A Way to Get Stem Cells to Make Living Heart Valve Tissue?

What a benefit it would be to be able to replace diseased and defective heart valves with new heart valves. Thus, living tissue engineered heart valves (TEHV) would be a boon to children who require replacement heart valves that have the capacity to grow with the child and completely integrate into the child’s heart tissue. A persistent challenge for TEHV is accessible human cell source(s) that have the ability to mimic native valve cell phenotypes and possess matrix remodeling characteristics that are essential for long-term function.

Mesenchymal stem cells derived from bone marrow (BMMSC) or adipose tissue (ADMSC) are intriguing cell sources for TEHV. Unfortunately, they have not been compared to pediatric human aortic valve interstitial cells (pHAVIC) in relevant 3-dimensional culture environments.

In a recent study, Bin Duan from the Biomedical Engineering department at Cornell University compared the spontaneous and induced multipotency of ADMSC and BMMSC to that of pHAVIC using different induction culture systems within three-dimensional (3D) bioactive hybrid hydrogels that have similar material properties to those of aortic heart valve leaflets. pHAVICs possessed some multi-lineage differentiation capacity in response to induction media, but these cells were limited to the earliest stages and their differentiation capacity were less potent than either ADMSCs or BMMSCs. ADMSCs expressed cell phenotype markers that were similar to pHAVICs when they were grown in HAVIC growth media spiked with a growth factor called basic fibroblast growth factor (bFGF). BMMSCs generally expressed extra cellular matrix remodeling characteristics similar to pHAVICs.

Duan and his colleagues then chemically attached bFGF to components of the 3D hybrid hydrogels in order to further immobilize them. The immobilized bFGF upregulated vimentin expression and promoted the fibroblastic differentiation of pHAVIC, ADMSC and BMMSC. Since fibroblasts help make heart valves, these changes in gene expression might presage the ability of these cells to form new heart living heart valve tissue.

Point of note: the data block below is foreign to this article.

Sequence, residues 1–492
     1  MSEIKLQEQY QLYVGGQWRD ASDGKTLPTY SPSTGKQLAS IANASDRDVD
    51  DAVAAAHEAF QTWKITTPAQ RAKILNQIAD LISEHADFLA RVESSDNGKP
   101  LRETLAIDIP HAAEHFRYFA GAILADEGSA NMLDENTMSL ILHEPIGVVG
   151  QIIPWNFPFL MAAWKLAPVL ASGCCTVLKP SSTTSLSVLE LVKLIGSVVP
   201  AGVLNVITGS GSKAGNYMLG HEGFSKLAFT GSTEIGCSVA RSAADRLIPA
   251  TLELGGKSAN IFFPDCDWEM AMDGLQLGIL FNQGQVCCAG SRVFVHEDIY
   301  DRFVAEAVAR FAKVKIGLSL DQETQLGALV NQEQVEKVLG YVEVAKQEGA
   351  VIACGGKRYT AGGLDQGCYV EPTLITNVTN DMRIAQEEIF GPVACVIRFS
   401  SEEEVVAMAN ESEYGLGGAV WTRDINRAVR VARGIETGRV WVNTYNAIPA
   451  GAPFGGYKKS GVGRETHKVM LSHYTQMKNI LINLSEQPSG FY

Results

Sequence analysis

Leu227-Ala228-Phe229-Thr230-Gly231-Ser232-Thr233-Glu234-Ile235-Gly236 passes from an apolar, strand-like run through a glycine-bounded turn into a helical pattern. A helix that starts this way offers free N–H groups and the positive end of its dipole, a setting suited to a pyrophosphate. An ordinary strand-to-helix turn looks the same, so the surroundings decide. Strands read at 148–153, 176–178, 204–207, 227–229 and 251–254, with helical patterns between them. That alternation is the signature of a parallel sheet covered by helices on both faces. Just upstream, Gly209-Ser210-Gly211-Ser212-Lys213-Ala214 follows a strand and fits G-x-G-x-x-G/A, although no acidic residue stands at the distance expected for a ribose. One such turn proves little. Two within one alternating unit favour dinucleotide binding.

Thus, these findings show that even though mesenchymal stem cells retain a heightened capacity to form bone in 3D culture, this tendency can be shifted fibroblast cell fates by tethering bFGF to the 3-D matrix. Such a strategy is probably rather important for utilizing stem cell sources in heart valve tissue engineering applications.

This is an important finding.  Even though the production of TEHVs are some ways off, Duan’s findings might provide a strategy to begin cells on the path to making TEHVs.

Skin Cells Can Be Engineered into Pulmonary Valves for Pediatric Patients

Stem cells researchers from the University of Maryland School of Medicine in Baltimore have designed a treatment that takes a child’s skin cells, reprograms them to function as heart valvular cells and then utilizes these cells to engineer a pulmonary valve that can grow with the patient.

“Current valve replacements cannot grow with patients as they age, but the use of a patient-specific pulmonary valve would introduce a ‘living’ valvular construct that should grow with the patient. Our study is particularly important for pediatric patients who often require repeated operations for pulmonary valve replacements,” said lead author David L. Simpson, Ph.D., The study is published in the current issue of Annals of Thoracic Surgery.

In the heart, the “pulmonary valve” is located between the right ventricle and the pulmonary artery, which takes blood from the right side of the heart to the lungs. This crescent-shaped valve aids in moving blood from the heart into the lungs.

Pulmonary valve

According to data from the Society of Thoracic Surgeons (STS) Congenital Heart Surgery Database, close to 800 patients experience pulmonary valve failure and could benefit from bioengineered patient-specific pulmonary valves. The STS Database collects information from more than 95% of hospitals in the United States and Canada that perform pediatric and congenital heart surgery. Numbers compiled from these hospitals show that approximately 3,200 patients underwent pulmonary valve replacement during a four-year period from January 2010 to December 2013.

Although the study was conducted outside the body, the next step will be implanting the new valves into patients to test their durability and longevity.

“We created a pulmonary valve that is unique to the individual patient and contains living cells from that patient. That valve is less likely to be destroyed by the patient’s immune system, thus improving the outcome and hopefully increasing the quality of life for our patient,” said senior co-author Sunjay Kaushal, M.D., Ph.D.. “In the future, it may be possible to generate this pulmonary valve by using a blood sample instead of a skin biopsy.”

David Simpson added that he hopes the study will encourage additional research in tissue engineering and entice more people to enter the field, “Hopefully, growing interest and research in this field will translate more quickly into clinical application.”